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William Loney RN - Background

Home-Loney-Background-The Royal Navy Browse mid-Victorian RN vessels: A; B; C; D; E - F; G - H; I - L; M; N - P; Q - R; S; T - U; V - Z; ??

NameScyllaExplanation
TypeCorvette   
Launched19 June 1856   
HullWooden Length200 feet
PropulsionScrew Men 
Builders measure1467 tons   
Displacement2189 tons   
Guns21   
Fate1882 Last in commission1873
Class  Class (as screw)Pearl
Ships book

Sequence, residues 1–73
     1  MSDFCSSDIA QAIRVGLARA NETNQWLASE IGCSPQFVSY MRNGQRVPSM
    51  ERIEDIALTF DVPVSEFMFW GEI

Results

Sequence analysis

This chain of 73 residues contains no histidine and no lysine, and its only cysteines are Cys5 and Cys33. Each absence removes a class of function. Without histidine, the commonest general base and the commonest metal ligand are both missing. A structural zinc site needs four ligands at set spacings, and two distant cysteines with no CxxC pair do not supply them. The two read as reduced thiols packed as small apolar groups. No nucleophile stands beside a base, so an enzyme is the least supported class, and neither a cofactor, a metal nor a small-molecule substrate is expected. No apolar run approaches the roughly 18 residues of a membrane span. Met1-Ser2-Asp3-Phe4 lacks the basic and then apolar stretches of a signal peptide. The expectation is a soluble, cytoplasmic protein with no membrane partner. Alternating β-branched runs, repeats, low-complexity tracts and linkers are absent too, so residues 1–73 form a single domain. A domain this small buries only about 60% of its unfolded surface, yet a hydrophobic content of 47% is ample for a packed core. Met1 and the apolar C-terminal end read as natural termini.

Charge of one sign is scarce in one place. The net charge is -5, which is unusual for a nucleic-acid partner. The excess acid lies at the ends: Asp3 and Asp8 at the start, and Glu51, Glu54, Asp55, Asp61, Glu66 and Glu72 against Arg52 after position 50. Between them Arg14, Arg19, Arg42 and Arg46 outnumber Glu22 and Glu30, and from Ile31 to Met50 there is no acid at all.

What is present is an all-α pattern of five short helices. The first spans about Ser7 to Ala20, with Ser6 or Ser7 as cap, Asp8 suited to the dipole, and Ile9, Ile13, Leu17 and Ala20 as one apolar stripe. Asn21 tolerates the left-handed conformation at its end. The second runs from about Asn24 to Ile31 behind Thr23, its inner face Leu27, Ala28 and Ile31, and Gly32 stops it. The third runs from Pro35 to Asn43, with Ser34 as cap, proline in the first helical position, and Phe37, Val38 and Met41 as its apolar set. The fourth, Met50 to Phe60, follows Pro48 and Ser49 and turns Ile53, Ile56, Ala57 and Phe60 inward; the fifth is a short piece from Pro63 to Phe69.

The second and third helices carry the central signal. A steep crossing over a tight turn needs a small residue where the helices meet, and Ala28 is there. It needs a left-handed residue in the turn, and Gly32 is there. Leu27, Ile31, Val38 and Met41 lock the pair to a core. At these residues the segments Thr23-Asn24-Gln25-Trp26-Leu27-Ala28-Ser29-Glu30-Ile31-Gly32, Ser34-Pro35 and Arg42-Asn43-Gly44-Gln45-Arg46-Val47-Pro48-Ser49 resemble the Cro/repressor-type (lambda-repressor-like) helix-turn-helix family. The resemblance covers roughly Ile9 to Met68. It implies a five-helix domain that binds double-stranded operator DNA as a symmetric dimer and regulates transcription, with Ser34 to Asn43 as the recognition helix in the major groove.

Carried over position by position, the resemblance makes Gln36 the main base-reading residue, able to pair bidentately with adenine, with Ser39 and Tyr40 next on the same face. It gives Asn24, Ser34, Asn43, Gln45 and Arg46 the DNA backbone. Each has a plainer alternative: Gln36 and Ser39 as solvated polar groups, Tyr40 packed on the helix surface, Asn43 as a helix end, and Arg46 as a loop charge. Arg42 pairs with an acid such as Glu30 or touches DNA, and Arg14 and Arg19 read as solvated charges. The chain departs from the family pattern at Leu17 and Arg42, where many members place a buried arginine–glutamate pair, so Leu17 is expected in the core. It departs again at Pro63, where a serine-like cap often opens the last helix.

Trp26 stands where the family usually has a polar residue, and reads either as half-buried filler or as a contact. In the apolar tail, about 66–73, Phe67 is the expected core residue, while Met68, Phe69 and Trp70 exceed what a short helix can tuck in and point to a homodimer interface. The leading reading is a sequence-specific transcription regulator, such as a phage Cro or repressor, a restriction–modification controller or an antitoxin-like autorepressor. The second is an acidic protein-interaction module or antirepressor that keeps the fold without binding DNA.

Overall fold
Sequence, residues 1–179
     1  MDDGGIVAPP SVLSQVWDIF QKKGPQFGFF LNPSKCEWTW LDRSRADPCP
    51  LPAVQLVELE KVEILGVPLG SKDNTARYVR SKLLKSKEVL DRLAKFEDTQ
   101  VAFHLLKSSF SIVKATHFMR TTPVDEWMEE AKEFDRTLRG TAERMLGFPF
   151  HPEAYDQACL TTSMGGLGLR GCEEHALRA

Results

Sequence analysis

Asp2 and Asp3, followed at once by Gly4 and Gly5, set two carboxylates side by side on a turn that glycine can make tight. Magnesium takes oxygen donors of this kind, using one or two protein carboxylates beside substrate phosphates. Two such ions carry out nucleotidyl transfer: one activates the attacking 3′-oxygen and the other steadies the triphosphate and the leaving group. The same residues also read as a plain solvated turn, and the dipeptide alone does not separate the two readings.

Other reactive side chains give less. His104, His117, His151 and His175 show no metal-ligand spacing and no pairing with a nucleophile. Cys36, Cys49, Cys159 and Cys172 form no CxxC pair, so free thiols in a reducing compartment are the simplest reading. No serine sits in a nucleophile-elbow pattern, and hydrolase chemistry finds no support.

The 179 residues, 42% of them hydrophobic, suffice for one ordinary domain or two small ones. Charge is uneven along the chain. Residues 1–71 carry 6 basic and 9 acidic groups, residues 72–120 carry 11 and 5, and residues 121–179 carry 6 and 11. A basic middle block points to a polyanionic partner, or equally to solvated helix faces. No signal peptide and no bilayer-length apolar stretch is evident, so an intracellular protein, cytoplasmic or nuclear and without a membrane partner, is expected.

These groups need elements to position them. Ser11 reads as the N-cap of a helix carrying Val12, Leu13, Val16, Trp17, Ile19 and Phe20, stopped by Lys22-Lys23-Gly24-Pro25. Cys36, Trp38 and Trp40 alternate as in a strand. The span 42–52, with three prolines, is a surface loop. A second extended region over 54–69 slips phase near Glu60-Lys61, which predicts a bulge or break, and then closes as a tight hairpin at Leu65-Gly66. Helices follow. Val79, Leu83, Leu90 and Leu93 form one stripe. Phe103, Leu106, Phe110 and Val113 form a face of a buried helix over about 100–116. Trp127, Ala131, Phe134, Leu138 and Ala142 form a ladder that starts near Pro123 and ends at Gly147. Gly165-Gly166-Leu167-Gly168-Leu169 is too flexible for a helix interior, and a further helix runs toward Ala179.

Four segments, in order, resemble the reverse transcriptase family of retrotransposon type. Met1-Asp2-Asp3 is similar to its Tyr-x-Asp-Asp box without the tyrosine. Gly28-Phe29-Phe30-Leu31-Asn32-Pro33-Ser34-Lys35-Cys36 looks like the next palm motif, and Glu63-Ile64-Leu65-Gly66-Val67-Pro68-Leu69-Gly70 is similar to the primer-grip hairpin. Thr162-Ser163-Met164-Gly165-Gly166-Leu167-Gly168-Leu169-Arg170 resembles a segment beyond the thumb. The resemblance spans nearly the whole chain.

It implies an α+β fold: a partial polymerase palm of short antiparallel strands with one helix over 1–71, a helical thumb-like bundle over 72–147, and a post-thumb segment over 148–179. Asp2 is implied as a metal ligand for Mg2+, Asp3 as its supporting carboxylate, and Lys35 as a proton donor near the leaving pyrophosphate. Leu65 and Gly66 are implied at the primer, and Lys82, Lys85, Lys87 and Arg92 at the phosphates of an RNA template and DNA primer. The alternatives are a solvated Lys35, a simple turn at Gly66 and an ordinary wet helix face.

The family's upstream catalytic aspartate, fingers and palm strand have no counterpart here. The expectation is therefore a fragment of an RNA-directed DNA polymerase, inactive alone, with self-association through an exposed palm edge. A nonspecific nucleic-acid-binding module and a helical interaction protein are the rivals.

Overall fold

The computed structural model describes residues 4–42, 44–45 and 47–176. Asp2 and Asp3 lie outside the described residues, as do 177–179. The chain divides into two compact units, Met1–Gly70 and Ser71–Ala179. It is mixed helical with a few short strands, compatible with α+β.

Career
DateEvent
19 June 1856Launched at Sheerness Dockyard.
13 June 1859
- 3 January 1863
Commanded (from commissioning at Sheerness until paying off at Sheerness) by Captain Rowley Lambert, Mediterranean
9 September 1863
- 24 September 1863
Commanded (from commissioning at Sheerness) by Captain Samuel Gurney Cresswell, Sheerness, until superseded because of illness
24 September 1863
- 7 August 1867
Commanded (until paying off at Sheerness) by Captain Richard William Courtenay, China
15 April 1869
- July 1871
Commanded (from commissioning at Sheerness) by Captain Frederick Anstruther Herbert, 1869 Flying squadron, then Pacific (relieving Charybdis at Esquimalt on 15 May 1850)
July 1871
- 15 April 1873
Commanded (until paying off at Sheerness) by Captain Charles Richard Fox Boxer, Pacific
Extracts from the Times newspaper
DateExtract